In linear regression, we model the target as a random variable whose expected value depends on a linear combination of the predictors (including a bias term). Read more...
To visualize the relationship between the MAP and MLE estimations, one can imagine starting at the MLE estimation, and then obtaining the MAP estimation by drifting a bit towards higher density in the prior distribution. Read more...
Naive Bayes classification naively assumes that the presence of a particular feature in a class is unrelated to the presence of any other feature. Read more...
There’s only so much you can hone your math skills by working on a problem that someone else has intentionally set up to be well-posed and elegantly solvable if you think about it the right way. Read more...
My training has been scattered and fuzzy until recently. Here’s the whole story. Read more...
I’d start off with some introductory course that covers the very basics of coding in some language that is used by many professional programmers but where the syntax reads almost like plain English and lower-level details like memory management are abstracted away. Then, I’d jump right into building board games and strategic game-playing agents (so a human can play against the computer), starting with simple games (e.g. tic-tac-toe) and working upwards from there (maybe connect 4 next, then checkers, and so on). Read more...
Solving problems, building on top of what you’ve learned, reviewing what you’ve learned, and quality, quantity, and spacing of practice. Read more...
An oval () fits inside a rectangle [ ] with the same width and height. Read more...
In general, you can manipulate total derivatives like fractions, but you can’t do the same with partial derivatives. Read more...
There’s a cognitive principle behind this: associative interference, the phenomenon that conceptually related pieces of knowledge can interfere with each other’s recall. Read more...
The goal of active learning is not to blow up a student’s cognitive load. It’s actually the opposite – to get students actively retrieving information from memory, while minimizing their cognitive load. Read more...
What are LLMs good for in STEM education? Where do LLMs fall short, and why? What does an educational AI need to do for its students to succeed? Read more...
Lots of people in education disagree with the premise of maximizing learning. But in talent development, the optimization problem is clear: an individual’s performance is to be maximized, so the methods used during practice are those that most efficiently convert effort into performance improvements. Read more...
While there is plenty of room for teachers to make better use of cognitive learning strategies in the classroom, teachers are victims of circumstance in a profession lacking effective accountability and incentive structures, and the end result is that students continue to receive mediocre educational experiences. Given a sufficient degree of accountability and incentives, there is no law of physics preventing a teacher from putting forth the work needed to deliver an optimal learning experience to a single student. However, in the absence of technology, it is impossible for a single human teacher to deliver an optimal learning experience to a classroom of many students with heterogeneous knowledge profiles, each of whom needs to work on different types of problems and receive immediate feedback on each of their attempts. This is why technology is necessary. Read more...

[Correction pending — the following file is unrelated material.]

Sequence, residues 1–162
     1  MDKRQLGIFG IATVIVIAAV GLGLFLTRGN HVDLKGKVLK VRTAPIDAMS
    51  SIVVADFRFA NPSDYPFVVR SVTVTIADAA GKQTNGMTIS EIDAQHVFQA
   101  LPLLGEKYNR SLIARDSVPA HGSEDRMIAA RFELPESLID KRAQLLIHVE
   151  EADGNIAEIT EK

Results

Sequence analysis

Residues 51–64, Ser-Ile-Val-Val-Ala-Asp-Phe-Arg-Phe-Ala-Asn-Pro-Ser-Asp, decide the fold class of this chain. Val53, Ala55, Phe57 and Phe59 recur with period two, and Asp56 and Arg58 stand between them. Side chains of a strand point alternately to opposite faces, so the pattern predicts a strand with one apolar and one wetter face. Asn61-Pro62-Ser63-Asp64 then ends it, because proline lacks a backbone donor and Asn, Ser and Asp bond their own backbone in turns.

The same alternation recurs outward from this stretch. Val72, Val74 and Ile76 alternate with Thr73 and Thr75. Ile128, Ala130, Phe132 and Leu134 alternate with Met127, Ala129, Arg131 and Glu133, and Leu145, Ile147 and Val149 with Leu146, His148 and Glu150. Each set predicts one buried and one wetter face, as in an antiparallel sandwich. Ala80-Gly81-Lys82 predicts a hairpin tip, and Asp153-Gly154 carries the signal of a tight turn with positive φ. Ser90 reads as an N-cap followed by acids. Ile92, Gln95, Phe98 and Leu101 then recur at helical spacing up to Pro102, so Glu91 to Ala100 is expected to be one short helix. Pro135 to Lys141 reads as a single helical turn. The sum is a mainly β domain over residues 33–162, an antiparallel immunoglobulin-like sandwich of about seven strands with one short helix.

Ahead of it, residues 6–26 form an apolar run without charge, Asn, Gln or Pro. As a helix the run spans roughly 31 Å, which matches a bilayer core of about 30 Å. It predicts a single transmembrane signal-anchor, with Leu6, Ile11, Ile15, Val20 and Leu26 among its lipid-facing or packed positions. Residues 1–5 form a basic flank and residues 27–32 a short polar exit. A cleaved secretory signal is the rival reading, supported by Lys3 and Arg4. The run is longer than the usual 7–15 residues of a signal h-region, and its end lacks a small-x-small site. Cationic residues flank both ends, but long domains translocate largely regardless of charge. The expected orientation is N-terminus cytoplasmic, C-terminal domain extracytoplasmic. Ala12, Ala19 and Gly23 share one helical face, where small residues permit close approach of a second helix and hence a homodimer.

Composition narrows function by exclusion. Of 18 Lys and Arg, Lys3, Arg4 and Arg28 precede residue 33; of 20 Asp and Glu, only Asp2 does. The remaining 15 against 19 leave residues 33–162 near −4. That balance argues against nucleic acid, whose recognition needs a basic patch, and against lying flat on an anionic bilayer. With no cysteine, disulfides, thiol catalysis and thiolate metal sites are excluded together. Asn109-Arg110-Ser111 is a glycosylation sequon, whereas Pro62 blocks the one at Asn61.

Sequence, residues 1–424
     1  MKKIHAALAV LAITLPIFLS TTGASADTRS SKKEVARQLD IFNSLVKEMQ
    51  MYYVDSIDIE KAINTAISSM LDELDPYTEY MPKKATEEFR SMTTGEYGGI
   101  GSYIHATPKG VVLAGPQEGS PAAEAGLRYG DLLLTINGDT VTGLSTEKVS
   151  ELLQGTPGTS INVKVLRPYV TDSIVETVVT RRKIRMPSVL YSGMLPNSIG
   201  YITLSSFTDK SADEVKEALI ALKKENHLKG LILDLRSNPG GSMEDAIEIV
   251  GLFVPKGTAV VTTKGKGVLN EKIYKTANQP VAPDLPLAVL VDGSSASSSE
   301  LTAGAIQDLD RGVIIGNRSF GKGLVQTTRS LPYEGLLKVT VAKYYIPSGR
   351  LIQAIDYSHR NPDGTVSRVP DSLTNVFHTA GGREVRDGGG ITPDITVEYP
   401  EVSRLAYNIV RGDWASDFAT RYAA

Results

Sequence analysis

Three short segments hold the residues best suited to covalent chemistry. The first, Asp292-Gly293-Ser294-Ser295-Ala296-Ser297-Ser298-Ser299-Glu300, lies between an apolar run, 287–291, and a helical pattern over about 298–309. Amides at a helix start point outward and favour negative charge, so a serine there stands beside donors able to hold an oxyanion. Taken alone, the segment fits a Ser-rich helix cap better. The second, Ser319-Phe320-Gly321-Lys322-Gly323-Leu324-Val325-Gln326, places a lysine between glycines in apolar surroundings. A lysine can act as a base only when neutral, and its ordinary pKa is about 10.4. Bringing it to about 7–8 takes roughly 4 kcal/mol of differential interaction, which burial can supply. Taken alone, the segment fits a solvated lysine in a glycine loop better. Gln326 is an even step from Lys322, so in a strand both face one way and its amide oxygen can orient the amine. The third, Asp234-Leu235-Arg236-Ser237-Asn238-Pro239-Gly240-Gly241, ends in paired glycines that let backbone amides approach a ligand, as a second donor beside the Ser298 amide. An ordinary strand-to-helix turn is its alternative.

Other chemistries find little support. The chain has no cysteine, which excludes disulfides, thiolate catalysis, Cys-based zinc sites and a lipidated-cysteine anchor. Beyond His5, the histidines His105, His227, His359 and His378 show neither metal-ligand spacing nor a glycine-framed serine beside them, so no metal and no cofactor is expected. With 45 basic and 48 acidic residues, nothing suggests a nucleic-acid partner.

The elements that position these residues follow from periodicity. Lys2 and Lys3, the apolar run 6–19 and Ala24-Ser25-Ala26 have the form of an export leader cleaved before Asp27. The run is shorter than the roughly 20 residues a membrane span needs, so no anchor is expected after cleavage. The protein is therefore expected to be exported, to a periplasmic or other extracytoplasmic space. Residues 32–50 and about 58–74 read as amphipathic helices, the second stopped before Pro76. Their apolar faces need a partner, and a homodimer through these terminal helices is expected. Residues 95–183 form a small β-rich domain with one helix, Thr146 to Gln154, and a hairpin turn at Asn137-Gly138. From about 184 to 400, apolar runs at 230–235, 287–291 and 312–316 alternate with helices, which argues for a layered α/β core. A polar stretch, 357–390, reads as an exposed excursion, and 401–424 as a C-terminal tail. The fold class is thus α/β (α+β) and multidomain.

The testing effect (or the retrieval practice effect) emphasizes that recalling information from memory, rather than repeated reading, enhances learning. It can be combined with spaced repetition to produce an even more potent learning technique known as spaced retrieval practice. Read more...
Interleaving (or mixed practice) involves spreading minimal effective doses of practice across various skills, in contrast to blocked practice, which involves extensive consecutive repetition of a single skill. Blocked practice can give a false sense of mastery and fluency because it allows students to settle into a robotic rhythm of mindlessly applying one type of solution to one type of problem. Interleaving, on the other hand, creates a “desirable difficulty” that promotes vastly superior retention and generalization, making it a more effective review strategy. But despite its proven efficacy, interleaving faces resistance in classrooms due to a preference for practice that feels easier and appears to produce immediate performance gains, even if those performance gains quickly vanish afterwards and do not carry over to test performance. Read more...
When reviews are spaced out or distributed over multiple sessions (as opposed to being crammed or massed into a single session), memory is not only restored, but also further consolidated into long-term storage, which slows its decay. This is known as the spacing effect. A profound consequence of the spacing effect is that the more reviews are completed (with appropriate spacing), the longer the memory will be retained, and the longer one can wait until the next review is needed. This observation gives rise to a systematic method for reviewing previously-learned material called spaced repetition (or distributed practice). A repetition is a successful review at the appropriate time. Read more...